In March 1897, Charles W. Anderson requested that Levi P. Morton, New York’s Republican governor, appoint John Edward Bruce to a minor political post. Anderson, a respected Black Republican stalwart, had been a member of the New York Republican State Committee for sixteen years and was a primary dispenser of Black political patronage in New York City. If Anderson gave his seal of approval to a Black nominee, white politicians usually fell in line. This appointment, however, was somewhat different, and Morton’s aides encouraged him to be cautious.¹

    Bruce was an ambitious forty-one-year-old man, of dark brown complexion, just under...

  6. 2 Blyden, Crummell, and Bruce: Mentors, Patrons, and the Evolution of a Pan-African Intellectual Network
    (pp. 25-48)

    Martin Delany, Henry Highland Garnet, Edward Wilmot Blyden, and J. Robert Love are generally recognized by scholars as among the most important Pan-African nationalists during the late nineteenth century. All were well educated, and all were articulate advocates for Black self-determination. They were also intellectually self-reliant, and they were at the center of an international commerce of issues and ideas among Africans, African Americans, and West Indians. In addition, all these men voiced a profound respect for understanding the forces of history and its implications for Africa and the African diaspora.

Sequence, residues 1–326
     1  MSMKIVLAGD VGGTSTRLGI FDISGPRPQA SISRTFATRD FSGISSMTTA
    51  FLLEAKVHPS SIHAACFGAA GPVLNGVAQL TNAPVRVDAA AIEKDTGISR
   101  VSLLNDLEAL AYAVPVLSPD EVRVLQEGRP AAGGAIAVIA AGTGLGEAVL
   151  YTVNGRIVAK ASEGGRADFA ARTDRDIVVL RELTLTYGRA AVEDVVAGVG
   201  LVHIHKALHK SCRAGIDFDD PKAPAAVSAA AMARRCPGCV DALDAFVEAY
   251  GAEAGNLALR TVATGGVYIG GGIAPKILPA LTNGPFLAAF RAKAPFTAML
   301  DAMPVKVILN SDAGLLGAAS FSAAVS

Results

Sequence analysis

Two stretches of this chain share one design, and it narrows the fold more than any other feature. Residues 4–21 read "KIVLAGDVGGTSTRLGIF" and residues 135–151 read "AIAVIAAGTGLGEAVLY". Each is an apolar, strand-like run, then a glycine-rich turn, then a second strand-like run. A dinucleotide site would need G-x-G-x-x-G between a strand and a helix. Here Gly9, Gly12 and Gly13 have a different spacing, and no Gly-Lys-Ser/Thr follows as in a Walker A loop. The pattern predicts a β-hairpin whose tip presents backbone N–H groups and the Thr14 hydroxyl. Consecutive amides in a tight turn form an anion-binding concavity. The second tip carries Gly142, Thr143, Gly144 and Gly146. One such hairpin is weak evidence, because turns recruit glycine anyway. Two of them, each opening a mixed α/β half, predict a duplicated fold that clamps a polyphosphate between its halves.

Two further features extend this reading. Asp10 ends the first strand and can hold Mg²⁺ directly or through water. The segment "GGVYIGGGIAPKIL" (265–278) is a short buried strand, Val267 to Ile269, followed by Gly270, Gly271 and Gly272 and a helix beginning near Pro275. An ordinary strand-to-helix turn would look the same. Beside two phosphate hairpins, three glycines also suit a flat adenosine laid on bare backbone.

Bruce’s political values and career were shaped by his...

  7. 3 Race, Politics, and Patronage: John Edward Bruce and the Republican Party
    (pp. 49-74)

    On September 8, 1879, theWeekly Argusboasted that it was “Republican at all times and under all circumstance.” Despite the Great Compromise with the South nearly two years earlier, John Edward Bruce, co-owner and associate editor of the paper, believed the destiny and welfare of African America was tied to the Republican Party. Bruce’s conclusion was a mixture of political opportunism and Republican loyalty. TheWeekly Argus, founded by Bruce to promote Republican candidates and party leaders, received financial support from the GOP during the 1880 campaign. Bruce sold his interest in theArgusto a stock company in...

  8. Illustrations
    (pp. None)
  9. 4 Frederick Douglass, Booker T.Washington, and John Edward Bruce’s Career as a Journalistic Hired Gun
    (pp. 75-90)